Conerty admits that he watches European leagues more than American leagues. The reason for that being that there is far better competition and teams. Conerty recalls going to Europe this past summer to train and he could clearly see differences.

 “One of the clubs we trained at had a facility with housing. It was a school just for kids that played soccer. They would go to classes, then come out and train the rest of the day and they would even have fans at their training sessions,” Conerty said.

A History of Soccer

            Peter Alegi, an associate professor and soccer and global sports expert at MSU, has a contrasting view on the popularity of soccer in America. He believes instead of focusing on soccer as “unpopular”, we have to look at the history of the sport in order to fully understand the journey it has gone through.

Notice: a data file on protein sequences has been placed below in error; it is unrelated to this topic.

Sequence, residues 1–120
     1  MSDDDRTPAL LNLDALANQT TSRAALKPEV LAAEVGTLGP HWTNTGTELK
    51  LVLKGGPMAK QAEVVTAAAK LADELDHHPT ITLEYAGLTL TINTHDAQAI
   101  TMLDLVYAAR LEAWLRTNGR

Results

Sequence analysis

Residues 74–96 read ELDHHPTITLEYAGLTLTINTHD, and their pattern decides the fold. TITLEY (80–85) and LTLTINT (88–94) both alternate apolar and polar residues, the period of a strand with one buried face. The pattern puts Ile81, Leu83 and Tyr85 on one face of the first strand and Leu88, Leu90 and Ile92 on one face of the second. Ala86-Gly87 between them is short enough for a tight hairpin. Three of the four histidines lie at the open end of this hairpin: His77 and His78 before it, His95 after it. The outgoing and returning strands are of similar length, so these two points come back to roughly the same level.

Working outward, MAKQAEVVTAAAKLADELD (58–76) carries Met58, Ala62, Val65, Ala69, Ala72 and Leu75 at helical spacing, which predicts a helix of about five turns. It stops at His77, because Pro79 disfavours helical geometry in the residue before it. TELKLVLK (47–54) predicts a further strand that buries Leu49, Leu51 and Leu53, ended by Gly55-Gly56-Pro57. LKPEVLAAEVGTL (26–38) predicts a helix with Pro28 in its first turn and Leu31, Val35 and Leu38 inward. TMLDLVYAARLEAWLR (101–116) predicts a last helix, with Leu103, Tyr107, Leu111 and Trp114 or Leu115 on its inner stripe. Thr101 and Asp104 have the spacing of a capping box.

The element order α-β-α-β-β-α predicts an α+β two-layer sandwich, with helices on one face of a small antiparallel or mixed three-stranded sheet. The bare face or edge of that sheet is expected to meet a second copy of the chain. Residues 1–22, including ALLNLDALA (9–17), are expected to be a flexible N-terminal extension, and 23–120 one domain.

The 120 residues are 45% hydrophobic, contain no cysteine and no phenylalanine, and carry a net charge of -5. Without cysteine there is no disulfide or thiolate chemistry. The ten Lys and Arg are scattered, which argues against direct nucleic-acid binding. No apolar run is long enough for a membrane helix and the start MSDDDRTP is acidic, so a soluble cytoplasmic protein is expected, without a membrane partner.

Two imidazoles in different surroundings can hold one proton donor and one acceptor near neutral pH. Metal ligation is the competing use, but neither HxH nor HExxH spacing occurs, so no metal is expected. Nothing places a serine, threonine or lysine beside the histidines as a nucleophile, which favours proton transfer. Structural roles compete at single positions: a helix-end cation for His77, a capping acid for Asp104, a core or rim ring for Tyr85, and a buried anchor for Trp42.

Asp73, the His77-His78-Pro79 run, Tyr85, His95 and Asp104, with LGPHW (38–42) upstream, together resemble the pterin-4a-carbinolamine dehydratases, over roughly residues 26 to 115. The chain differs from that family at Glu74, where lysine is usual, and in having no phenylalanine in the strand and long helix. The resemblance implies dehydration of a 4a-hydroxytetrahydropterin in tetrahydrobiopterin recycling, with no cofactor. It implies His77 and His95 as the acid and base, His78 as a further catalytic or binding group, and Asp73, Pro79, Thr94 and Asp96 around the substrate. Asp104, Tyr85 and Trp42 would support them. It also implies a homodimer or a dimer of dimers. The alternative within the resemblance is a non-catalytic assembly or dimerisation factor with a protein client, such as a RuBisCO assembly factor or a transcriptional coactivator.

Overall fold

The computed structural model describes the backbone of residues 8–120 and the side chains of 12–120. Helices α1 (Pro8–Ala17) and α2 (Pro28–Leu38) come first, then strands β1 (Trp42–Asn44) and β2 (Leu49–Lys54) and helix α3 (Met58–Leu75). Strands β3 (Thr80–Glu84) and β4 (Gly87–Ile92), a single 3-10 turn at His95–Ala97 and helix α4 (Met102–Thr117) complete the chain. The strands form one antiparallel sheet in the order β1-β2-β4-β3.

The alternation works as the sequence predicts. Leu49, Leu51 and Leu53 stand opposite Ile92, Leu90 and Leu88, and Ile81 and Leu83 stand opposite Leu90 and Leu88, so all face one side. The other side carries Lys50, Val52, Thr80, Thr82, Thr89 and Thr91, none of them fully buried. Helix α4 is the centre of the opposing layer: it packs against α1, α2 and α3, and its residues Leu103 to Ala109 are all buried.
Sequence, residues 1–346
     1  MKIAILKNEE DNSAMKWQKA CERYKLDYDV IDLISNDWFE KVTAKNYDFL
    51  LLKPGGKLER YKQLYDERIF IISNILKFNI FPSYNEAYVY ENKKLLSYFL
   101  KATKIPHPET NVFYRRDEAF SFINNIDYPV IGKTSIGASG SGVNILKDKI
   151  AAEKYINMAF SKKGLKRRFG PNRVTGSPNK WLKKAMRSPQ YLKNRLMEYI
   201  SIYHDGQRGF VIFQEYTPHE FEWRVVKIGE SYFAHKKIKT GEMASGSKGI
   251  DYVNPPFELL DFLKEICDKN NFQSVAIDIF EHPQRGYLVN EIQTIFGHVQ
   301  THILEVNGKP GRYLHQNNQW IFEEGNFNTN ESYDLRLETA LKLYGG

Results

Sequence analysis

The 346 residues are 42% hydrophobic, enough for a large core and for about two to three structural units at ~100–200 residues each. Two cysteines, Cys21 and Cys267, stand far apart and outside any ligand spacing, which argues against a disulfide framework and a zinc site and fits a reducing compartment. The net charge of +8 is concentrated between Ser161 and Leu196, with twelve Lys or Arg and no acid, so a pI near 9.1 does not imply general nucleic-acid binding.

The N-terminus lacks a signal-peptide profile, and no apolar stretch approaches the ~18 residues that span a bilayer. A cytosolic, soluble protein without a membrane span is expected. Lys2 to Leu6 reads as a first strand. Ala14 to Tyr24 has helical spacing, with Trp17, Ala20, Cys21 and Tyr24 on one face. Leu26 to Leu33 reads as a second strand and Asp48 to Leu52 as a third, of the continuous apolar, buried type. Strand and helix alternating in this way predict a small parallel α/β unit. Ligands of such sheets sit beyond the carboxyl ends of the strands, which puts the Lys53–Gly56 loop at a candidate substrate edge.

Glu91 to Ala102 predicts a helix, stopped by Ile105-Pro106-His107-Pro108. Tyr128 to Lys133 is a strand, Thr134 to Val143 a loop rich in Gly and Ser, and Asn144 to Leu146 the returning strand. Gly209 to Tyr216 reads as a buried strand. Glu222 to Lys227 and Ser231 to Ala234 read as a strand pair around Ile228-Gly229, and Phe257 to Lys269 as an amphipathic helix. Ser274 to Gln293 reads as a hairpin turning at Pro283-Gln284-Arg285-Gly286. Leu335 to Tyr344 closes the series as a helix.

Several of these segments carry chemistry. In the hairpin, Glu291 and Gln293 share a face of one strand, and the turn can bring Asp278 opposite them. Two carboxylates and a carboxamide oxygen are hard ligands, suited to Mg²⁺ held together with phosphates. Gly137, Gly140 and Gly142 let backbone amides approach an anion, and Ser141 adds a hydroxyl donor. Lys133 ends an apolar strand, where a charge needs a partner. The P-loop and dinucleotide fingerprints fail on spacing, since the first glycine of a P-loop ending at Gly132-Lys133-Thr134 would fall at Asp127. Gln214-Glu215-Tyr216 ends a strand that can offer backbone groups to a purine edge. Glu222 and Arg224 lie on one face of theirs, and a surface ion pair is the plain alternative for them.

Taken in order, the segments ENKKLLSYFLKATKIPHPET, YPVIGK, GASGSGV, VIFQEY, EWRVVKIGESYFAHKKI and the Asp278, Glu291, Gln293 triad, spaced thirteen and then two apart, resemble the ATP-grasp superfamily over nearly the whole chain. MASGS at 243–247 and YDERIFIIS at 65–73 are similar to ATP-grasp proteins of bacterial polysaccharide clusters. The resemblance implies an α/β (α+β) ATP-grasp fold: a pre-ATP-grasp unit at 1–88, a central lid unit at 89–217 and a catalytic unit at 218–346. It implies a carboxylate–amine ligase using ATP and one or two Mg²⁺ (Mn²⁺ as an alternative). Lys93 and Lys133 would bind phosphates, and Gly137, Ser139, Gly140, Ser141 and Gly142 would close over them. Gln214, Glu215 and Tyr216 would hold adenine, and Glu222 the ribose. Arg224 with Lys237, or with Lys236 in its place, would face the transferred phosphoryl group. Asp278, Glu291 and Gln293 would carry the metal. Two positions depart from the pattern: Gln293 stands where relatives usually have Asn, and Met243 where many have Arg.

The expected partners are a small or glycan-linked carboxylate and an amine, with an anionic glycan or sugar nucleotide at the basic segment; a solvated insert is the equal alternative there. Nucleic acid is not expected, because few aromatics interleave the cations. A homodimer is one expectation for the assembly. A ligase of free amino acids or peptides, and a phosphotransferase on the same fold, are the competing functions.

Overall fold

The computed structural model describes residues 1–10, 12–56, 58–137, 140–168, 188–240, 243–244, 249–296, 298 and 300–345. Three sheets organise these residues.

Alegi pointed out that in the 1880s soccer was really the only organized American sport besides baseball, which started in the 1870s.  Soccer was huge when it first started. In the 1920s, the United States had one of the top professional teams in the world.

 “In fact, at the time when the American Soccer League was created, [the teams were] paying so well that many excellent players from Scotland and England came to play for them,” said Alegi.

            The Great Depression is what put a damper on soccer organizations in America.

            “The ASL was [at its] largest in the 20’s, but in 1929 the crash really undermined the fan base,” reported Alegi. Then of course, WWII did not help.